The Form I-864 Affidavit of Support is a critical document needed by most immigrants who come because of family ties or job opportunities. This affidavit assures that the intending immigrant will have sufficient financial support upon their arrival in the United States.
The sponsor completing the form is responsible for demonstrating their ability to financially support the intending immigrant. One of the essential components of this Form I-864 is the "Country of Domicile" section.
It refers to the country where you permanently reside. When filling out the form, the sponsor must be domiciled in the U.S. The form requires proof of U.S. residence. However, in rare cases, a person residing abroad may claim a U.S. domicile.
Guidelines for Determining Country of Domicile
To claim US domicile, a person typically needs to reside within the United States, including US territories and the Columbian District, and intend to maintain a primary residence in the country in the future.
Therefore, the geographical location of a person's residence within the United States does not impact their ability to claim US domicile.
- If a sponsor resides in the US and has a job there, their permanent home country for legal purposes is deemed the United States.
- If a sponsor works outside the US temporarily but has a home in the US and intends to return.
- A sponsor who lives abroad but plans to reestablish their permanent residence in the country by the time the intending immigrant is admitted or their status is adjusted may claim a US domicile. The key factor is the sponsor's good faith intention to return to the United States as their permanent residence.
Temporary Employment: All You Need to Know
Sponsors working abroad may face challenges in demonstrating U.S. domicile. However, certain types of employment may automatically establish their domicile in the United States, despite working outside the country. These qualifying types of employment include working for:
- Sponsors from the US Department of State, embassies, consulates, and military
- Working with specific institutions of research recognized by the government
- a U.S. corporation or firm engaged in foreign trade and commerce development with the U.S. or one of its subsidiaries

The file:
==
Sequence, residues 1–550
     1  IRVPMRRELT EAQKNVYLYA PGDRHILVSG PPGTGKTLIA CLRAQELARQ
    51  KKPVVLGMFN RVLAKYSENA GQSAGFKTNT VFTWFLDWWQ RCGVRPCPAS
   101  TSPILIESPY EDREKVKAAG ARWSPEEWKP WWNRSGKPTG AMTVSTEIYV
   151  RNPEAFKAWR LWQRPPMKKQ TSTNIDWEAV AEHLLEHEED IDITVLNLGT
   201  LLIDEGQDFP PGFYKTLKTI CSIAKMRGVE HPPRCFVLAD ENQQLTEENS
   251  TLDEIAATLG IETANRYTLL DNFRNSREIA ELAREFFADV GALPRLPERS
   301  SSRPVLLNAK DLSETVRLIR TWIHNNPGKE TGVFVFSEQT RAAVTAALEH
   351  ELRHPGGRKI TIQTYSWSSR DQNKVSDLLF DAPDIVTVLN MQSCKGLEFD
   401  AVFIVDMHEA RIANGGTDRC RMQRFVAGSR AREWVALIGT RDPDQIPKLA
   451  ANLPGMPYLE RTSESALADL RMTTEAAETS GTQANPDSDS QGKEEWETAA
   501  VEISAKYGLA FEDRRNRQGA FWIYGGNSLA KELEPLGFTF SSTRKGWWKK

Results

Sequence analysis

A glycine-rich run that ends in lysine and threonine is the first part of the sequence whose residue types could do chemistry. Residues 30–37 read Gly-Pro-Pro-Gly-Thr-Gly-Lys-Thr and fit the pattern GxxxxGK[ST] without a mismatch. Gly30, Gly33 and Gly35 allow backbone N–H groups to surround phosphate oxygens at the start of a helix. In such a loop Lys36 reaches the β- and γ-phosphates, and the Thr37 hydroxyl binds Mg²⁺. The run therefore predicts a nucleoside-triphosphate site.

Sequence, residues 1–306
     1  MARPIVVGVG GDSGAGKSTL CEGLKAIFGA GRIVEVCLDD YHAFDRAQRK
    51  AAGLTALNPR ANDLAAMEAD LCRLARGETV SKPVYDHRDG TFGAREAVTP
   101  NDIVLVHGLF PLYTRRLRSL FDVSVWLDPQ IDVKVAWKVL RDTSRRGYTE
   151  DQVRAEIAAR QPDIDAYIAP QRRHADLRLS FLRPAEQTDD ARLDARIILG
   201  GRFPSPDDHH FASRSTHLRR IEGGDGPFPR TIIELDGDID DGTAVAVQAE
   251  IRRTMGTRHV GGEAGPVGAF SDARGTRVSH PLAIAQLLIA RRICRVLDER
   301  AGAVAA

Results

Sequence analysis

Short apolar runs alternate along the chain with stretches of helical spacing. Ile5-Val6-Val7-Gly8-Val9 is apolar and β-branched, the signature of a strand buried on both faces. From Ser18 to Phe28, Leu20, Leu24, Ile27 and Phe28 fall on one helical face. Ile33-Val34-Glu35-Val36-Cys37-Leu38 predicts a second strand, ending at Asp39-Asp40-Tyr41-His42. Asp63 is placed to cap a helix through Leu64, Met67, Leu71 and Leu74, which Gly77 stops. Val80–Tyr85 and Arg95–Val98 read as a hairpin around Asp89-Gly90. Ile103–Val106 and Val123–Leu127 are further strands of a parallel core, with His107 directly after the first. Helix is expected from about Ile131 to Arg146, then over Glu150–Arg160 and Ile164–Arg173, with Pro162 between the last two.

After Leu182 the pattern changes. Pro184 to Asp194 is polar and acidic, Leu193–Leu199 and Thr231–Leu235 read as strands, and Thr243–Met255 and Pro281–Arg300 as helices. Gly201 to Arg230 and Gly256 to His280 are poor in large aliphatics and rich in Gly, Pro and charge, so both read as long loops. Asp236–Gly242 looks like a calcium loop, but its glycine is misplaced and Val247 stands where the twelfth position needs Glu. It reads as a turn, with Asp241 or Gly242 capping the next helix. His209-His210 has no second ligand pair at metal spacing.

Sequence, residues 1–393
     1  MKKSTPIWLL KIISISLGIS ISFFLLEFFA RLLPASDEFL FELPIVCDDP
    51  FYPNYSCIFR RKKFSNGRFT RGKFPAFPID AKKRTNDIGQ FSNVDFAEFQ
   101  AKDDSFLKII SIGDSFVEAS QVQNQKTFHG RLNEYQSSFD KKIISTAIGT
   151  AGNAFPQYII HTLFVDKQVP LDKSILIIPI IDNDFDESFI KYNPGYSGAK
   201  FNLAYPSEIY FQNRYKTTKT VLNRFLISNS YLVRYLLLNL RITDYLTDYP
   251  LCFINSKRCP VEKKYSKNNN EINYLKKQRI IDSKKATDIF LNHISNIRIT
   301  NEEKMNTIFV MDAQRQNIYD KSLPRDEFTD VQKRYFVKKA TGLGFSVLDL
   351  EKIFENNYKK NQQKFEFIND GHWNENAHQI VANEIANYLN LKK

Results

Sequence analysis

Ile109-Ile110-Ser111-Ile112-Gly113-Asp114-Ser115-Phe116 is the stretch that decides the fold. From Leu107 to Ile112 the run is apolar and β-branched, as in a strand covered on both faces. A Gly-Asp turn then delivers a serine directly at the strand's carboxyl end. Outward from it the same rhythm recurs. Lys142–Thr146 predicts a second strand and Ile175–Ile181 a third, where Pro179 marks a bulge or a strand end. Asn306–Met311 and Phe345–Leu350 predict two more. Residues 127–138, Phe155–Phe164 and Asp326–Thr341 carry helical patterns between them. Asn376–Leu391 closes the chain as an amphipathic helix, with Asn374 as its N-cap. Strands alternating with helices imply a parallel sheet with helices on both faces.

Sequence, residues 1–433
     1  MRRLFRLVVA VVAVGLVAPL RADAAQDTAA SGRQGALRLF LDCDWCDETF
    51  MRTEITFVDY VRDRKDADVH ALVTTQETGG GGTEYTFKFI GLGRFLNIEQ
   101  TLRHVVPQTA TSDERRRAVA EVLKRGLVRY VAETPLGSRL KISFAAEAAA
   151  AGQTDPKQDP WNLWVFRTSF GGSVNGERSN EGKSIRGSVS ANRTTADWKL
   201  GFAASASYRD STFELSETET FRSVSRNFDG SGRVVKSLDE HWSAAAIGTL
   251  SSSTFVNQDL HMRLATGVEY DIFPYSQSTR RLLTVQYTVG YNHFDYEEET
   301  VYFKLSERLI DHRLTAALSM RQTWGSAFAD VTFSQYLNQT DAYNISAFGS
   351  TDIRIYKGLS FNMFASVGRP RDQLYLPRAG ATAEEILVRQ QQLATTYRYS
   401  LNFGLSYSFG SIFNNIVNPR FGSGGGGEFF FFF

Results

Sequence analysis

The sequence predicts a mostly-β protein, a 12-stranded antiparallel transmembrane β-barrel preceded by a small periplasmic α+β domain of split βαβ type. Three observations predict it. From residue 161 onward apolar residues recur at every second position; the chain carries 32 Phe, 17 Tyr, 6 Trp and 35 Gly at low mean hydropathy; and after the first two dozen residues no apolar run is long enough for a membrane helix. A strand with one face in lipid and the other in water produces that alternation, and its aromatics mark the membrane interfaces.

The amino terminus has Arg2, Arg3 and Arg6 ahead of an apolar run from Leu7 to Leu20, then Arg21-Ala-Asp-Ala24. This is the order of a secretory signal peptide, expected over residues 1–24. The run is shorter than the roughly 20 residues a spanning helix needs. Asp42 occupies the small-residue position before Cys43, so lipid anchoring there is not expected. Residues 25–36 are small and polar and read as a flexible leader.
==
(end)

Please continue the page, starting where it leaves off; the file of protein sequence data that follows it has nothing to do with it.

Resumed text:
- public international organizations that the United States participates in through a statute or treaty
- The sponsor performs ministerial or priestly duties overseas for the U.S.-recognized religious denomination.
- If their only occupation is missionary work for a U.S.-recognized religious denomination.
Residing Temporarily in Foreign Countries
In some cases, sponsors abroad may still claim the country as their domicile. To do so, they need to demonstrate that their stay abroad is temporary and they have kept their home in the U.S. This requires meeting specific criteria, including:
- Sponsors must show that they left the country for a limited definite period.
- Sponsors must prove their intention to maintain their permanent residence in the United States upon departure.
- Sponsors need to provide compelling evidence of their ongoing ties to the country.
When providing evidence to establish their U.S. domicile, sponsors should include proof that their visit or project abroad had a specific end date, that they intended to maintain their ties to the country, and that they continued to maintain those ties after their departure.
Returning to the U.S. and Its Connection with the Domicile Status
If one wants to return to the US but is domiciled abroad, submitting Form I-864, Affidavit of Support, is possible. They must provide evidence of their intention to make the United States their permanent home and establish their domicile before or on the date of the intending immigrant's admission or status adjustment.
Last Updated 04/21/23 07:15:04AM